Course Code: IEO
Course Title: Summer School in Irish Studies
College: International Education Office
Duration: 4th July 2016 to 29th July 2016
Teaching Mode: Full-time
NFQ Level: N/A
Costs: The cost of attending the School of for non-EU citizents is €2,300 which covers single-room accommodation from Sunday 3rd July to Saturday 30th July 2016, tuition, certain social events, study tours, and meals on study tours,but excludes daily meals; the cost for three weeks is €1900; and for two €1300. Students wishing to arrange their own accommodation should contact Marie Riordan, International Office, UCC. Tel: + 353-21-4904748; Fax: + 353-21-4904735; Email: firstname.lastname@example.org for information on revised costs.
2016 Entry Requirements: The School welcomes students who take the course for credit and also those who choose not to enrol for credit. Students who wish to register for credit are expected to have a grade point average (GPA) of 2.85 or above.
Closing Date (Non-EU): 8th April 2016
Next Intake: 4th July 2016
We hope that the 37th Summer School in Irish Studies will bring inspiration and an understanding of Irish history and literature to all who journey to UCC in 2016. The School runs for four weeks in the month of July. For two weeks, the School will explore Irish identity formation and expression in its historical context from the earliest descriptions of Ireland and its inhabitants, to modern contestations of that identity.
During the two weeks devoted to literature, the School will examine how twentieth-century writers sought to define a sense of cultural identity by exploring the idealised version of Ireland’s past.
Conflict and debate about identity have dominated Ireland’s history. From the earliest times to the present, different communities with their different ethnic, political, and religious affiliations have contributed to shaping Ireland’s history and to creating its distinctive identity. The history lectures, seminars, and field-trips of the Summer School explore how communities sought legitimation by claiming to embody ‘true’ Irish identity, or by declaring themselves to be the inheritors of the ‘original’ identity of Ireland’s remote past as it was expressed in its earliest art and literature.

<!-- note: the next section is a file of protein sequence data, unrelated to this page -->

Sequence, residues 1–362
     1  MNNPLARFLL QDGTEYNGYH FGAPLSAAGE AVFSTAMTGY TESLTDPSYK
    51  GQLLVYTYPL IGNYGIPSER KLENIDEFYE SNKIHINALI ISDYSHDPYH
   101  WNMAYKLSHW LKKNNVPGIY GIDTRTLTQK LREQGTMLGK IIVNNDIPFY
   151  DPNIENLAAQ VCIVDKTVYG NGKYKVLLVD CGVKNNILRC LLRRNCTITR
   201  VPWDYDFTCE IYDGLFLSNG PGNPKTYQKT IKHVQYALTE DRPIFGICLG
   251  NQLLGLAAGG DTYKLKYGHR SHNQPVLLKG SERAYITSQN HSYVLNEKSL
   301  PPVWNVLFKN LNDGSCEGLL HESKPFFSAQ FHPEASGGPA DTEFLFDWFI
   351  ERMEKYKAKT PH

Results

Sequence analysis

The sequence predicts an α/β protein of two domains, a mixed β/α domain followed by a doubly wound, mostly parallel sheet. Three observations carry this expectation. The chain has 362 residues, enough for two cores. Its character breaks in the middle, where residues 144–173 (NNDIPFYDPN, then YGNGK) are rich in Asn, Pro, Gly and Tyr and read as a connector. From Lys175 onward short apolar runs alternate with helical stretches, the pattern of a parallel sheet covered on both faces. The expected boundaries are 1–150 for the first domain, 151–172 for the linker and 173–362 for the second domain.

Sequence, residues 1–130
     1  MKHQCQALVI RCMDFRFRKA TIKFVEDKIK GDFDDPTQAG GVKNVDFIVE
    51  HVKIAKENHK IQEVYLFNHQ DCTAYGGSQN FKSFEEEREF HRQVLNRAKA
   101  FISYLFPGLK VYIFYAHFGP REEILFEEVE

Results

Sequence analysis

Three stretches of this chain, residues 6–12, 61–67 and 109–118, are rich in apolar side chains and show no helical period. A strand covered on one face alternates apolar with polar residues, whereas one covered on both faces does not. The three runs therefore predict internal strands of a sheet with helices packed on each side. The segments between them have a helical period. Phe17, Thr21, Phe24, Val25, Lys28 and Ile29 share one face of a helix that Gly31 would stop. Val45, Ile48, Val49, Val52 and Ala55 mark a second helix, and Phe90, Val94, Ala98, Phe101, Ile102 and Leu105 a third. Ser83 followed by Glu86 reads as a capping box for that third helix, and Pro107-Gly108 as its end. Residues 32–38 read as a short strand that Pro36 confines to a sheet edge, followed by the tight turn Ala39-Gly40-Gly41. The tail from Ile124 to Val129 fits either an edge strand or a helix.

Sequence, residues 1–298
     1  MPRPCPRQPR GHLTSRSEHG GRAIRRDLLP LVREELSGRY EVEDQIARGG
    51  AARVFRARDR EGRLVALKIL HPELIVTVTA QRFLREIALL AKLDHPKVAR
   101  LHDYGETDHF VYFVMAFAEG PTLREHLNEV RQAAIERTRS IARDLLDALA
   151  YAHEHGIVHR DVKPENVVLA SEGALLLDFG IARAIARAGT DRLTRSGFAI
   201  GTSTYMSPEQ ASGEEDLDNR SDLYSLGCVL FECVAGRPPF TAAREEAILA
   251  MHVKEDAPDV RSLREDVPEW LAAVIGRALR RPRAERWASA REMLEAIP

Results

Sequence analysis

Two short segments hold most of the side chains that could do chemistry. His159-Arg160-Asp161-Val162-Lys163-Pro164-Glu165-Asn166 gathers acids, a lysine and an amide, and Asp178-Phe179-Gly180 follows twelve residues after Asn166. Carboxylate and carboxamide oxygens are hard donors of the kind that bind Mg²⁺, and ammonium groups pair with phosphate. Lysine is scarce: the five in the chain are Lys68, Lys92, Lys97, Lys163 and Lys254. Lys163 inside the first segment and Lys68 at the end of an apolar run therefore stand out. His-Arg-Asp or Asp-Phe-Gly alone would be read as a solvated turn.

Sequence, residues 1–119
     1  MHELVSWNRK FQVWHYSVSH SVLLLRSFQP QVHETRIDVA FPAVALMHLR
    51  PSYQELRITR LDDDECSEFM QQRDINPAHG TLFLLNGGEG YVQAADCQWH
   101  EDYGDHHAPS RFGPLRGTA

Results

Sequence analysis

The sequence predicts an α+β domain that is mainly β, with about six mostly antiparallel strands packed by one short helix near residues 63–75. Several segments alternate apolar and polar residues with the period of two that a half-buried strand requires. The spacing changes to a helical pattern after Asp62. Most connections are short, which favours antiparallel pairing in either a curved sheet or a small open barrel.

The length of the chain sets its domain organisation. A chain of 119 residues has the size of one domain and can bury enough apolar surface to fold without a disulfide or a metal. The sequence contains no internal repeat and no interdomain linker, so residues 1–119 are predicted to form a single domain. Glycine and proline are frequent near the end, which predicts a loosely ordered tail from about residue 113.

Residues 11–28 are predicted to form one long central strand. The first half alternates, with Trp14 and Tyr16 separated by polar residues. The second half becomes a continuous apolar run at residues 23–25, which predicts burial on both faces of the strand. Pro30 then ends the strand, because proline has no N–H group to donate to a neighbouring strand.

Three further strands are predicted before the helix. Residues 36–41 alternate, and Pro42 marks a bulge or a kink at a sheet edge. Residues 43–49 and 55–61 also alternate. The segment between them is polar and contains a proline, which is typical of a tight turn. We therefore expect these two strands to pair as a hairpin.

In the literature section of the School, we will read the poetry of W.B. Yeats and the fiction of Edna O'Brien. Yeats, the founding figure of the Irish literary revival in the late nineteenth century, viewed the emergence of modern Ireland as the child of the Irish literary imagination, a place “the poets have imagined terrible and gay” (‘The Municipal Gallery Revisited’, 1937). A contrasting voice from later in the twentieth century, Edna O'Brien, gives a very different view of the role of the writer in modern Ireland. The lectures and seminars will address the contrasts and similarities in Yeats' romantic poetry and O'Brien's fiction and autobiographical writing.
Application forms are available from the International Office. Please contact Marie Riordan, International Office, UCC. Tel: + 353-21-4904748; Fax: + 353-21-4904735; Email: email@example.com
Study-tours are an integral part of the Summer School programme and give students the opportunity to explore the beauty of the Irish countryside and to experience the places examined in lecturers and seminars. This year, there will be study-tours to the following destinations:
- Camden Fort Meagher, Crosshaven, Co. Cork
- Ardmore, Co. Waterford
- Curraghmore House, Portlaw, Co. Waterford
The programme will also include a theatre visit.
Students who attend the School for four weeks may take the course for up to 10 ECTS credits, 5 in Literature and 5 in History. Students indending to take credits need to indicate this clearly on the enrolment form.
Students should also forward a transcript of courses already completed at their own university clearly stating their GPA. They should forward the address of their home institution for processing of completed credits.
The Summer School draws on the expertise of Faculty members, established scholars in their field, to deliver lectures. Lectures are followed by discussion-based teaching in seminars of small groups where Teaching Assistants develop the themes of the lectures. These assistants also give guidance and encouragement with their work.